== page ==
Death in Suburbs – Big Business

October 12, 2009
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Wedged between mechanic workshops and other businesses at a Logan industrial estate, one such private mortuary ? run from an allotment in a large tin shed ? gives little away about its real purpose.

There are no signs, just a display board at the front of the shed advertising neighbouring businesses.

But unbeknown to passers-by, within the small shed are bodies waiting to be laid to rest.

Business is busy, with operator Dennis Martin, owner of DCD Transfer Service, pulling in several times a day last week in his Ford Falcon station wagon with new arrivals.

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It is an unseen side to Queensland’s funeral industry and one which some small, new, home-based funeral directors say is a crucial link in giving residents the option of budget funerals.

But it has left others in the funeral industry with larger mortuaries attached to funeral parlours unhappy.

One funeral director, who asked not to be named, said the shed was a “holding pen”.

He said the absence of government regulation of privately run mortuaries had created an uneven playing field, where some funeral directors were paying $30,000 or more for purpose-built facilities while other business owners were able to store corpses in refrigerated sheds.

He said his business was “a professional mortuary, not a shed in an industrial estate”.

“If families knew their loved ones were going to that shed they would spew.”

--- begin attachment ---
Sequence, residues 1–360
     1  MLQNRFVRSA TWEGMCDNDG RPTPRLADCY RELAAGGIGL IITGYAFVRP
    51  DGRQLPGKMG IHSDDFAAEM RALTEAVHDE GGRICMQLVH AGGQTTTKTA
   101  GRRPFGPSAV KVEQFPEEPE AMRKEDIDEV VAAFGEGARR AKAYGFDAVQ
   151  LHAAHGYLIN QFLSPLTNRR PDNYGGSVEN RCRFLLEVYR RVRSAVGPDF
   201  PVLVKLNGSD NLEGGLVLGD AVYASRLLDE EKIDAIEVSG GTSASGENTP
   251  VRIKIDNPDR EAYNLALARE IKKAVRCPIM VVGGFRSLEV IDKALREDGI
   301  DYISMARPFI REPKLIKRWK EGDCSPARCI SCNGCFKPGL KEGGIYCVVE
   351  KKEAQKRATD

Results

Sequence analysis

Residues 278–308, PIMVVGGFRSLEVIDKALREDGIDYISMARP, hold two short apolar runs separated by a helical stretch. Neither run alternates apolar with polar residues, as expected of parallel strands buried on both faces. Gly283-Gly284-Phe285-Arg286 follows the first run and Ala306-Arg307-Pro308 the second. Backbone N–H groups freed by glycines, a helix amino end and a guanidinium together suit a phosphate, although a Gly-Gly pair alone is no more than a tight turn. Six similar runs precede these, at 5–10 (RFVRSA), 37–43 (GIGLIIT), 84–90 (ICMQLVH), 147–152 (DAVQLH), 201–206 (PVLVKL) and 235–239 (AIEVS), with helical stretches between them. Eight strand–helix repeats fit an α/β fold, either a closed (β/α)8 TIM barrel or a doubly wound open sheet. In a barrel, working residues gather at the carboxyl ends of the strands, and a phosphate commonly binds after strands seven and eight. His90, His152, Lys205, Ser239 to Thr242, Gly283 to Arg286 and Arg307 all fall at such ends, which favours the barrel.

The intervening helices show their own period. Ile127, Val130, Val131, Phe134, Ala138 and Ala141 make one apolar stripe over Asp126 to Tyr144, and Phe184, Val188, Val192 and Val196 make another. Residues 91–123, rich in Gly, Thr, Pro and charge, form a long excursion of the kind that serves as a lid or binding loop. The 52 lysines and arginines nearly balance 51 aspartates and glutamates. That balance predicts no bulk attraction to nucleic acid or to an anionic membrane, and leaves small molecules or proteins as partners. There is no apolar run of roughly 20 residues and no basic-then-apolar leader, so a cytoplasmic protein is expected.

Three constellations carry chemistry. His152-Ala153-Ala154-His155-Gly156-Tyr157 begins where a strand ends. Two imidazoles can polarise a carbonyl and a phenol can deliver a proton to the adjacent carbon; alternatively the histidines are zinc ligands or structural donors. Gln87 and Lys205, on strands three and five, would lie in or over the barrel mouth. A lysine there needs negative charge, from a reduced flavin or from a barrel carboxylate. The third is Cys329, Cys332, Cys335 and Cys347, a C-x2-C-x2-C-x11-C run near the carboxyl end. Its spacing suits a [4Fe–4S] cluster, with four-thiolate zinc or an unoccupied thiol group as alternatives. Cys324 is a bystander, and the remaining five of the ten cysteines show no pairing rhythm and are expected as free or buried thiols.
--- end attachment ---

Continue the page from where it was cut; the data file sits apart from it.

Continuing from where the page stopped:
One neighbouring business owner approached by The Sunday Mail said he was aware of the purpose of the shed, with Mr Martin having asked him to phone should a problem occur, such as a power failure.

No town-planning permit was needed from Logan City Council to run the business, with a spokesman saying the use of the building was self-assessable.

Mr Martin declined to be interviewed last week, saying he was only a transfer company, not a funeral director.

But the owner of one of several new home-based funeral companies to open in Queensland, Krystine Hastings, said small mortuaries such as the Logan operation were vital for businesses such as hers. She said there was a lack of mortuaries in southeast Queensland, despite some firms sharing facilities.

The Australian Funeral Directors Association Queensland divisional president Rowan Steer has called for regulation, including of the transportation and storage of the deceased, citing Queensland’s climate as a factor.

He warned about the rise of home-based funeral directors armed with just a “briefcase and mobile phone”.

But Ms Hastings said calls by funeral directors for industry regulation were just “scaremongering”.

Source: couriermail.com.au.

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